HTML - Style Sheet

Types of Style Sheets

There are three types of style sheets in HTML: internal style sheets, external style sheets, and inline styles. Each type has its own advantages and disadvantages, and the choice of which to use depends on the specific needs of the website.

Internal Style Sheet

An internal style sheet is defined within the <head> section of an HTML document using the <style> tag. It lets you apply styles to multiple elements within a single HTML page. The main advantage of using an internal style sheet is that it keeps the styles specific to that page, making it easier to manage and understand. However, if you have multiple pages that require the same styles, you would need to duplicate the internal style sheet in each page, which can become difficult to maintain.

Example: Internal Style Sheet

<!DOCTYPE html>
<html>
<head>
  <title>Internal Style Sheet Example</title>
  <style>
    body {
      background-color: #f0f0f0;
      font-family: Arial, sans-serif;
    }
    h1 {
      color: #333;
      text-align: center;
    }
    p {
      font-size: 16px;
      line-height: 1.5;
    }
  </style>
</head>
<body>
  <h1>Welcome to My Website</h1>
  <p>This is an example of an internal style sheet.</p>
</body>
</html>

External Style Sheet

An external style sheet is a separate CSS file that contains the styles for a website. It is linked to the HTML document using the <link> tag within the <head> section. The main advantage of using an external style sheet is that it lets you apply the same styles across multiple pages, making it easy to maintain a consistent look and feel throughout the website. Also, because the styles are in a separate file, it can improve the loading speed of the website. The disadvantage is that an extra HTTP request is needed to get the external CSS file.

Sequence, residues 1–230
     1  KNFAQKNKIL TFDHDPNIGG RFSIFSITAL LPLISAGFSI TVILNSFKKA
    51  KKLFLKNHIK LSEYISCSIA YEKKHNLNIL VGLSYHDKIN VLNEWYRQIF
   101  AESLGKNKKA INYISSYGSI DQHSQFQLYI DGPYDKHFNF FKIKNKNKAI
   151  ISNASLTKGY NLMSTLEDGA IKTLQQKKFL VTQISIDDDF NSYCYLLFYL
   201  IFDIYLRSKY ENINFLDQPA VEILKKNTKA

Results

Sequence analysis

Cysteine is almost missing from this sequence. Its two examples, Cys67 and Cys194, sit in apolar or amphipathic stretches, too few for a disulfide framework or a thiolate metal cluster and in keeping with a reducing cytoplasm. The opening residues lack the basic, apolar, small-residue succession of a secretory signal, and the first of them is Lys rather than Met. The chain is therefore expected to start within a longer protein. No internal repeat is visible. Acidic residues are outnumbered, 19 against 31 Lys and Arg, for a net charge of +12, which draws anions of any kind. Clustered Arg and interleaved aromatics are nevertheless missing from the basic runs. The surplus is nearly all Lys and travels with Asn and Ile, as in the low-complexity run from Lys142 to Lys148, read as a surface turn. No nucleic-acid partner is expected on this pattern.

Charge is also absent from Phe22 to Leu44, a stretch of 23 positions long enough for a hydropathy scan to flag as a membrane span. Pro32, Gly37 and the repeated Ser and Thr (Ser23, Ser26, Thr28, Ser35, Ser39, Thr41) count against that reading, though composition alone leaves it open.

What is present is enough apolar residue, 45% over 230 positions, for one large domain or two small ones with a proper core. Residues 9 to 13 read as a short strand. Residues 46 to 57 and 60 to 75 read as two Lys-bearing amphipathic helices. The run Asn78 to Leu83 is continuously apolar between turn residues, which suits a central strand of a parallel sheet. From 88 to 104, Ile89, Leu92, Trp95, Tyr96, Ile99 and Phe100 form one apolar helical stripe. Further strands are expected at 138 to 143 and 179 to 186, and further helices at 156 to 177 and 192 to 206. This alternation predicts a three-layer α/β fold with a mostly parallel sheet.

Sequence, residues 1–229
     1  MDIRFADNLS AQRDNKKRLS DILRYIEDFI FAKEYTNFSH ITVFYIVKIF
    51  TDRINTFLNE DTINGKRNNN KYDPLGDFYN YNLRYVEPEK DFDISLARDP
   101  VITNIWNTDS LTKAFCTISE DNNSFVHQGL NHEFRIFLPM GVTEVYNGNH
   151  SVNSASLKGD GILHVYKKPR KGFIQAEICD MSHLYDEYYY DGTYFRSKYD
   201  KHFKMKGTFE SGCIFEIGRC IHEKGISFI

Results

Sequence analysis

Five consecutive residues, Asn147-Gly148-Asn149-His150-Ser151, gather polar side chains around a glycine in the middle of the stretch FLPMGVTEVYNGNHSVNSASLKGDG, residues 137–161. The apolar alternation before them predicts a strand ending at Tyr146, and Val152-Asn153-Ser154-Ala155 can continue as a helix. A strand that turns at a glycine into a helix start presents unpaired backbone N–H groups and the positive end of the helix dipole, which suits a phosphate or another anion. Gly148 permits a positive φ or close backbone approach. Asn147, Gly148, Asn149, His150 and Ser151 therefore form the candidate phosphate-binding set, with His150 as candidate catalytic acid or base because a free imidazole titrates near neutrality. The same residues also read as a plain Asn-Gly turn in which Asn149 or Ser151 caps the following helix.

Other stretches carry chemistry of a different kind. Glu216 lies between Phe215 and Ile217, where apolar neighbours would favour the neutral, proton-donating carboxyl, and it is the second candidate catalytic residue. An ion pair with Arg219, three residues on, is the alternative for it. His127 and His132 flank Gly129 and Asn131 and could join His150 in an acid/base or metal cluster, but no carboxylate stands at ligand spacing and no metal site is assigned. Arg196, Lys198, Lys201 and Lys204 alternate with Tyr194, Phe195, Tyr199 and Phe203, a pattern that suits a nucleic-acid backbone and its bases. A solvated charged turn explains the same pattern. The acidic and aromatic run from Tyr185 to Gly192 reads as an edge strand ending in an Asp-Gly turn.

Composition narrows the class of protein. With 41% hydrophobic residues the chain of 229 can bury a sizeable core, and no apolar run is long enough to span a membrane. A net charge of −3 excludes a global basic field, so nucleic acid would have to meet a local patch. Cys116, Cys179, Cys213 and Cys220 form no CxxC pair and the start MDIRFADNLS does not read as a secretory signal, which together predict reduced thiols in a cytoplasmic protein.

Example: External Style Sheet

<!DOCTYPE html>
<html>
<head>
  <title>External Style Sheet Example</title>
  <link rel="stylesheet" type="text/css" href="styles.css">
</head>
<body>
  <h1>Welcome to My Website</h1>
  <p>This is an example of an external style sheet.</p>
</body>
</html>

Inline Styles

Inline styles are applied directly to an HTML element using the style attribute. They override any styles defined in internal or external style sheets. The main advantage of using inline styles is that they let you apply styles to a specific element quickly. However, inline styles mix content with presentation, making the HTML code harder to read and maintain. Also, if you need to apply the same style to multiple elements, you would need to duplicate the inline style for each element.

Example: Inline Styles

<!DOCTYPE html>
<html>
<head>
  <title>Inline Styles Example</title>
</head>
<body>
  <h1 style="color: #333; text-align: center;">Welcome to My Website</h1>
  <p style="font-size: 16px; line-height: 1.5;">This is an example of inline styles.</p>
</body>
</html>

Linking External Style Sheets

To link an external style sheet to an HTML document, you need to use the <link> tag within the <head> section of your HTML file. The <link> tag has several attributes that you need to specify:

Attribute Description
rel Specifies the relationship between the HTML document and the linked file. For linking a style sheet, the value should be "stylesheet".
type Specifies the type of the linked file. For a CSS file, the value should be "text/css".
href Specifies the URL or file path of the external style sheet.

Example of how to link an external style sheet

<!DOCTYPE html>
<html>
<head>
  <title>Linking External Style Sheet Example</title>
  <link rel="stylesheet" type="text/css" href="path/to/styles.css">
</head>
<body>
  <h1>Welcome to My Website</h1>
  <p>This is an example of linking an external style sheet.</p>
</body>
</html>

In the example above, the <link> tag is placed within the <head> section. The rel attribute is set to "stylesheet", indicating that the linked file is a style sheet. The type attribute is set to "text/css", specifying that the linked file is a CSS file. The href attribute contains the file path of the external CSS file, which is "path/to/styles.css" in this example. You need to replace this with the actual file path of your CSS file.

The file path can be specified in different ways:

  • Relative path: If the CSS file is located in the same directory as the HTML file, you can simply specify the file name (e.g., "styles.css"). If the CSS file is in a subdirectory, you need to include the directory path (e.g., "css/styles.css").
  • Absolute path: You can specify the complete URL of the CSS file, including the domain name (e.g., "https://example.com/css/styles.css"). This is useful when linking to a style sheet hosted on a different domain.

It's important to make sure that the file path is correct, otherwise the styles won't be applied to your HTML document.

By linking an external style sheet, you can keep your styles separate from your HTML content, making your code more maintainable and reusable. You can link the same style sheet to multiple HTML pages, ensuring a consistent look and feel throughout your website.